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Digital Subscriptions > Classic Pop > Nov-18 > BOY GEORGE AND CULTURE CLUB

BOY GEORGE AND CULTURE CLUB

TWO DECADES SINCE THEIR LAST ALBUM, BOY GEORGE LEADS HIS COLOURFUL CLUB BACK INTO THE SPOTLIGHT. THEY’RE IN FIGHTING MOOD…

LIFE

BMG RIGHTS MANAGEMENT

Anyone watching BBC Four’s 2015 documentary, Boy George And Culture Club: Karma To Calamity, must have wondered if there was even a chance of the band ever completing another album. Despite their Spanish setting and the presence of legendary producer Youth, their dynamic proved so unhealthily argumentative that the resulting album, Tribes, never saw the light of day. That they were soon forced to cancel an American tour – though this time due to George’s throat problems – didn’t improve the picture for anyone.

But their muse has finally prevailed. Admittedly, no one seems more surprised than Roy Hay, Mikey Craig and Jon Moss, who, for clarity’s sake – given their flirtation with a new singer some years back – have added George’s name to the band’s, simultaneously underlining the inherent sense of ‘Seriously! It’s really us!’ that comes with this album. Fair enough, though: there’s no doubt who the star is. After all, even an entire battalion of brass can’t eclipse George when he hollers lines like “Find me in the morning/ Read my resting bitch face”.

In addition, on What Does Sorry Mean?, he manages, almost undetected, to slip its shocking opening words – “She thinks love lies/ In the bruises around her eyes” – into what is otherwise tender lover’s rock, their significance ready, upon reflection, to land a blow later.

George’s voice, nonetheless, sounds a little tired, its register necessarily a little lower than the (g)olden days. His lyrics, too, occasionally misfire, as on Let Somebody Love You, whose reggae sounds like a pastel Police while its lines flaunt mixed metaphors and arguable insensitivity: “Love is revolution/ War and famine too/ Feed the hunger in your heart/ Let somebody love you.” It’s a solution that won’t solve Yemen’s problems.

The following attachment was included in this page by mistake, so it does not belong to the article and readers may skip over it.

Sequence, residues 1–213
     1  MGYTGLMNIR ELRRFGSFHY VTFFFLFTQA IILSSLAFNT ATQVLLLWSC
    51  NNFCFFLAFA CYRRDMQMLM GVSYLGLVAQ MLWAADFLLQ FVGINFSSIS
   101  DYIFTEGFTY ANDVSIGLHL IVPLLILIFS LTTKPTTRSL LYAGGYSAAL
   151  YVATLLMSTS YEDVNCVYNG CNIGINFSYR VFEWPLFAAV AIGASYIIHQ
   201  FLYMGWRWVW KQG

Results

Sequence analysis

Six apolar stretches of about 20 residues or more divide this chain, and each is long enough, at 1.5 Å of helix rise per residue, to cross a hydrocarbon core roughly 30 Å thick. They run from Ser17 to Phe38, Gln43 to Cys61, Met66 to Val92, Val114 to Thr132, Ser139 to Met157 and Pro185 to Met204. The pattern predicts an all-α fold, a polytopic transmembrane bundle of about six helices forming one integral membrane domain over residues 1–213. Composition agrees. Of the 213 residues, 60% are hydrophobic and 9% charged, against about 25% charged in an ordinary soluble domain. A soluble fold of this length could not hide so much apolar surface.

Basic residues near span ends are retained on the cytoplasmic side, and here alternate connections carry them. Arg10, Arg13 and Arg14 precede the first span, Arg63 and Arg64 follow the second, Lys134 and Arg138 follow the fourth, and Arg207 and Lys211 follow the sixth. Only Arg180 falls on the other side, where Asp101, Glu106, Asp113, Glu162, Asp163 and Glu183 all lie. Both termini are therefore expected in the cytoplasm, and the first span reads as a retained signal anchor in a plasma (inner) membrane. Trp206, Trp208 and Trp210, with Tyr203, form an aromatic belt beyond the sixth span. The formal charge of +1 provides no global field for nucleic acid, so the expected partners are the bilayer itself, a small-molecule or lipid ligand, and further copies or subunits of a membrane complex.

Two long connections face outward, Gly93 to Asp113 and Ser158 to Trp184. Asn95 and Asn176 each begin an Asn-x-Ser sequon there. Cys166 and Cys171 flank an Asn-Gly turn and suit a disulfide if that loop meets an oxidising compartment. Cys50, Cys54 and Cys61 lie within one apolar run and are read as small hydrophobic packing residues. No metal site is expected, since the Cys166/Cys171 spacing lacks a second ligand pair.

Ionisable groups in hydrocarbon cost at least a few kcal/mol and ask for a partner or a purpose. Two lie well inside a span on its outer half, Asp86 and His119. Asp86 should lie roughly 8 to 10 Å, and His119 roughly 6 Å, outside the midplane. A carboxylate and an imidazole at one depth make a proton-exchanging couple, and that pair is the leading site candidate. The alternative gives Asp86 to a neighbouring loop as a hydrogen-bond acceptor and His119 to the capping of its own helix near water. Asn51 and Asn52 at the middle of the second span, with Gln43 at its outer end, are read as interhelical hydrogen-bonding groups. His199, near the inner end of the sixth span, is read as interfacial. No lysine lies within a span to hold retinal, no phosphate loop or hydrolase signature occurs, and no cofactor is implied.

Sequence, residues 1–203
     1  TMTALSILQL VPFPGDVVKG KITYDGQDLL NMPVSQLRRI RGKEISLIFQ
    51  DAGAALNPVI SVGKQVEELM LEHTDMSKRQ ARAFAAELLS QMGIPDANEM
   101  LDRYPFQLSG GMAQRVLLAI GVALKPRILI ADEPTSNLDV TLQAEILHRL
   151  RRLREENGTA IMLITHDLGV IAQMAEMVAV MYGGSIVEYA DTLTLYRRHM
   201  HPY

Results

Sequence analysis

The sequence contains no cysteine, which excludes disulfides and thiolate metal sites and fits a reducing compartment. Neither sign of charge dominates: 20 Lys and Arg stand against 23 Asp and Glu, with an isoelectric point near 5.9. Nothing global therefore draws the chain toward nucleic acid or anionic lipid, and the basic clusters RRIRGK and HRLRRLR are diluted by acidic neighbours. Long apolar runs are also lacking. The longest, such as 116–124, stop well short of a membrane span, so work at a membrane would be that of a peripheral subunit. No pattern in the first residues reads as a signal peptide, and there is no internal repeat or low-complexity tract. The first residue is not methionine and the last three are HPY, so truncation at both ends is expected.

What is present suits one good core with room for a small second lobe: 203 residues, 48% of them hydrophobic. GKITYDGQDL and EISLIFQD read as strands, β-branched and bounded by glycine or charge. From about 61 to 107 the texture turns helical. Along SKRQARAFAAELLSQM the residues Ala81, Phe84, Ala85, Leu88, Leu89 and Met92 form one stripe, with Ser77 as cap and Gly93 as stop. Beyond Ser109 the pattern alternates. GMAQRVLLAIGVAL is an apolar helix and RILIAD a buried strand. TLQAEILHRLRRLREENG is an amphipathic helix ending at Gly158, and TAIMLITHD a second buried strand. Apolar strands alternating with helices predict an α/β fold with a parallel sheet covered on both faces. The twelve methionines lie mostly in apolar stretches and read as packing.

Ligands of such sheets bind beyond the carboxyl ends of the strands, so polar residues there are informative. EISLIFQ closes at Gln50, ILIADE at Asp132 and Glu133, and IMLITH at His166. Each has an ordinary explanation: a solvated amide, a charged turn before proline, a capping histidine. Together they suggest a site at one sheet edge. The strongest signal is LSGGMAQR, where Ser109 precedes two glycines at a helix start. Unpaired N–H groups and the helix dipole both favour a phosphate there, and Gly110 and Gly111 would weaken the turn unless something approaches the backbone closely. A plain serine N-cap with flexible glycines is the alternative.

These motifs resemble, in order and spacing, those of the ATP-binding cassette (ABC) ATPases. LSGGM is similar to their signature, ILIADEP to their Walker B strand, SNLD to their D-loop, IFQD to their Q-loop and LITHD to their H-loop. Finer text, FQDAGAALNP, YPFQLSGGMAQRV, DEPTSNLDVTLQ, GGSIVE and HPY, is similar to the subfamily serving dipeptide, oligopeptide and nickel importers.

Together, nonetheless, the band come out fighting on opener God & Love, whose bassline rumbles like Massive Attack’s Angel, George exercising a metaphorical messiah complex in its plea for spirituality. Bad Blood, too, sports disco shoes seemingly polished by Trevor Horn, while Human Zoo boasts a calypso style, and Different Man – first inspired by Sly Stone’s financial woes – brings on a gospel choir to boost its Al Green soul, suggesting the former ‘Fight Club’ is once again at peace. Never forget: war is stupid.

NILE RODGERS & CHIC

IT’S ABOUT TIME

VIRGIN EMI

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About Classic Pop

Issue 46 of Classic Pop magazine is on sale now! In the latest issue we have an exclusive chat with the new line-up of Spandau Ballet – their first major group interview as they relaunch themselves with new frontman Ross William Wild. We also have a must-read interview with Vince Clarke and Alison Moyet who look back on their fractious past life in Yazoo. The legends just keep on coming, too, as we speak to Nile Rodgers about his 40 years of classic tracks as a billion-dollar hitmaker and Chic's hotly-anticipated new album, It's About Time. Elsewhere, we look back at the 80s heyday of Top Of The Pops through the eyes of those who were there – DJ Janice Long and a whole host of TV insiders. Our classic album is the Stone Roses' imperious debut and we also meet Stephen Hague, the producer behind hits by Pet Shop Boys, New Order, Robbie Williams and many more besides. Need a buyer's guide to Michael Jackson? We look at the King of Pop's complete career in our Lowdown feature. As we delve into David Bowie's 80s boxset Loving The Alien, Classic Pop catches up with his closest collaborators who tell us how the legend's most divisive decade made him a global star. New albums from Boy George And Culture Club, Chic, Robyn, and The Prodigy get the once-over alongside reissues including OMD, Bronski Beat, Ultravox, The Police and Massive Attack. We also review Soft Cell's celebratory farewell O2 show plus Kylie Minogue's Golden Tour and more.. Enjoy the issue! Steve